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Booster Vaccination Strongly Enhances SARS-CoV-2-Specific Antibody and Cellular Responses in Elderly Residents of Care Homes
20 Pages Posted: 20 Dec 2021More...
Third dose ‘booster’ COVID-19 vaccines can increase SARS-CoV-2 specific immune responses and are being deployed widely to control the impact of omicron variant infection. However, the efficacy of booster vaccines has not been assessed in the most vulnerable demographic groups such as the elderly and frail. This is important as elderly residents in care facilities who have not had a prior natural SARS-CoV-2 infection exhibit suboptimal antibody and cellular responses following dual vaccination. We studied immune responses in 134 staff and residents in long term care facilities (LTCF) who had received an mRNA booster vaccine following initial dual homologous vaccination with either Pfizer mRNA or ChAdOx1 vaccine. Booster vaccination strongly increased antibody responses irrespective of prior infection status. Amongst staff and residents with serological evidence of prior infection these were 4.1-fold and 3.2-fold higher than following dual vaccination. Furthermore, these were increased by 6.4-fold and 12.3-fold within infection-naïve donors such that elderly donors achieved a similar antibody level to younger staff. Cellular immune responses were boosted only in older donors and achieved equivalence across the life course. The immunogenicity of the mRNA booster vaccine was equivalent in donors who had received either mRNA or adenovirus baseline vaccination. As such, booster vaccination can overcome the negative influence of age on immune responses to dual COVID-19 vaccination in the LTCF setting. These findings reveal strong immunogenicity after the 3rd booster vaccine dose in one of the most vulnerable clinical groups and endorse an approach for rapid delivery across this population.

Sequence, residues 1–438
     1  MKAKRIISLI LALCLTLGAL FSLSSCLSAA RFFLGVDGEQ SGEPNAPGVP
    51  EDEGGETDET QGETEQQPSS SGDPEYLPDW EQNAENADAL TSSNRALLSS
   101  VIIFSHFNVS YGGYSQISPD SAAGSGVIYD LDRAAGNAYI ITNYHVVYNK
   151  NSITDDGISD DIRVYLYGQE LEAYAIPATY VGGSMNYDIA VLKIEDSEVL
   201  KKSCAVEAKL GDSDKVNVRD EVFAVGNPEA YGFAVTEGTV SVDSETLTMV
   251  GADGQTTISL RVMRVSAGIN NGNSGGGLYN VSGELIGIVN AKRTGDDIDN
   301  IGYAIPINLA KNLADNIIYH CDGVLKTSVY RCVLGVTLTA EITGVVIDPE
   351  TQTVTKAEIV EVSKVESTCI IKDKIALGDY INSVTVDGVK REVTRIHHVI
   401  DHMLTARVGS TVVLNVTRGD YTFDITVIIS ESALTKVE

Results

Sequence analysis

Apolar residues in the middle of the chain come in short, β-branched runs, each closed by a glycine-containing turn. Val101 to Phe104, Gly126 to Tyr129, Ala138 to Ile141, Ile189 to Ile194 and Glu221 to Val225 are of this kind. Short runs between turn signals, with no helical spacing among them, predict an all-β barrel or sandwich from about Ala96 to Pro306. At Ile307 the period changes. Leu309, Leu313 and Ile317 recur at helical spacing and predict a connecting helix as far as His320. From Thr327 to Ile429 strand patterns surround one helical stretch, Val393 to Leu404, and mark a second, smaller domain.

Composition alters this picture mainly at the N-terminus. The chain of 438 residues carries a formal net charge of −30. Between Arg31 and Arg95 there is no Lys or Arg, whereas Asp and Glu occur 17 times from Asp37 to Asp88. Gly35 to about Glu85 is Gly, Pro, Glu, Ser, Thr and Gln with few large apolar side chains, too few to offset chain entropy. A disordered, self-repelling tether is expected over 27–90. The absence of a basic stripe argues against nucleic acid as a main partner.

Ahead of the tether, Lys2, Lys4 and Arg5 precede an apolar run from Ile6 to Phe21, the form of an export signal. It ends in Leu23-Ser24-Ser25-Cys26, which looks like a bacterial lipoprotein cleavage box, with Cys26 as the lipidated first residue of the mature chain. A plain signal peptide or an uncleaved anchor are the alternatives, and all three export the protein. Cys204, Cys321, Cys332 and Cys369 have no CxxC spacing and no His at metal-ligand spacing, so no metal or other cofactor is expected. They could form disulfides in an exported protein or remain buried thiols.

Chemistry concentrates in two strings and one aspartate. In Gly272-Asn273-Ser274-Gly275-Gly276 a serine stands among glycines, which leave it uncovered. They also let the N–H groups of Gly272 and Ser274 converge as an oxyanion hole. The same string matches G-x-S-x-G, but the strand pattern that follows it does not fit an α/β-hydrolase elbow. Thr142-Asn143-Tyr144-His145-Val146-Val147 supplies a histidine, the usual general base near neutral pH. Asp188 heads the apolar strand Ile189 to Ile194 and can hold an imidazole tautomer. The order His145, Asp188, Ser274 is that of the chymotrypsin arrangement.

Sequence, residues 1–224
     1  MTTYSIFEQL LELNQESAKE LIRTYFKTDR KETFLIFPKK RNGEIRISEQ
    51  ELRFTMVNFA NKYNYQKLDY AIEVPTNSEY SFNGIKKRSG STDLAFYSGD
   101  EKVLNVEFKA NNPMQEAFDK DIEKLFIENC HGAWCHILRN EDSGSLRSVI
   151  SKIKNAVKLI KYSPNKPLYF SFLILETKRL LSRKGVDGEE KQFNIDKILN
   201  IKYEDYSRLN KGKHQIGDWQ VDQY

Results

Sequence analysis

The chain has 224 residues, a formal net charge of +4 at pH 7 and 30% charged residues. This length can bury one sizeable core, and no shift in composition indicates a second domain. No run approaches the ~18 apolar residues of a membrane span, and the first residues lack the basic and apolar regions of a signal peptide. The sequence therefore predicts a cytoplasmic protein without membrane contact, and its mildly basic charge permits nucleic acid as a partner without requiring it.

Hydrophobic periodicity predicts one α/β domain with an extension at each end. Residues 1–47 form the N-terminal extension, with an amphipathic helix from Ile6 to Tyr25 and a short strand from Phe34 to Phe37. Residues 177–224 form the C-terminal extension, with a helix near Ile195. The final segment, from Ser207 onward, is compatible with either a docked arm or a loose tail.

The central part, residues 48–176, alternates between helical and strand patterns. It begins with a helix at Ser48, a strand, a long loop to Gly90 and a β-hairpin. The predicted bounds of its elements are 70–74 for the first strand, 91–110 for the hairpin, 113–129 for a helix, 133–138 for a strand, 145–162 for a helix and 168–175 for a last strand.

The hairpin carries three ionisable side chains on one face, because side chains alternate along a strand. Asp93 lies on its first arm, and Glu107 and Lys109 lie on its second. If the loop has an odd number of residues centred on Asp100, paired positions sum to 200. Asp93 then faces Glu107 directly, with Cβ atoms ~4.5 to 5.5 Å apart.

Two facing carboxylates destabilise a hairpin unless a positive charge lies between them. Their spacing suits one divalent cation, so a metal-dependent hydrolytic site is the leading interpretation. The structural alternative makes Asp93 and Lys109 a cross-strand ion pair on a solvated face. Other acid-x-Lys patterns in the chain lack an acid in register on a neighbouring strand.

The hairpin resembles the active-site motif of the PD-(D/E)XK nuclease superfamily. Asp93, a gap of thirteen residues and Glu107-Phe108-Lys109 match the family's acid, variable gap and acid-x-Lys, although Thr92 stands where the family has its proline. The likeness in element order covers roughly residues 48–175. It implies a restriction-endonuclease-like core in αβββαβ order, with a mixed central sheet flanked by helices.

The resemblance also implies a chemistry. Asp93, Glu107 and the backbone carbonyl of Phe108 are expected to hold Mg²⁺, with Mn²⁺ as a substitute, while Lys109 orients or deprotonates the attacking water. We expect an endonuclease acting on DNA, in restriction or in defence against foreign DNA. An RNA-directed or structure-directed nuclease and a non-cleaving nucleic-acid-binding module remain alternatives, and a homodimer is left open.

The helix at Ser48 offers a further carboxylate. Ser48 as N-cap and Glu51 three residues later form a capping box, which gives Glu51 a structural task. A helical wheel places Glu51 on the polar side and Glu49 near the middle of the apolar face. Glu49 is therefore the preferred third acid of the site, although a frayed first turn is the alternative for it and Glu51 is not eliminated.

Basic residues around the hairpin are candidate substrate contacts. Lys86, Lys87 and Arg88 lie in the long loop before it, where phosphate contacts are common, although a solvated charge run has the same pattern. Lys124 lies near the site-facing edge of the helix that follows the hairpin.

Clinical Trial Registration Details: The VIVALDI study (ISRCTN14447421).
Funding Information: UK Government Department of Health and Social Care.
Declaration of Interests: LS reports grants from the Department of Health and Social Care during the conduct of the study and is a member of the Social Care Working Group, which reports to the Scientific Advisory Group for Emergencies. AH is a member of the New and Emerging Respiratory Virus Threats Advisory Group at the Department of Health. All other authors have no interests to declare.
Ethics Approval Statement: All participants provided written informed consent for blood sample collection or if residents lacked the capacity to consent, a personal or nominated consultee was identified to act on their behalf. Ethical approval for this study was obtained from the South Central - Hampshire B Research Ethics Committee, REC Ref: 20/SC/0238.
Keywords: SARS-CoV-2, COVID-19, Vaccination, Booster, Care home, Long Term Care Facility (LTCF), Elderly
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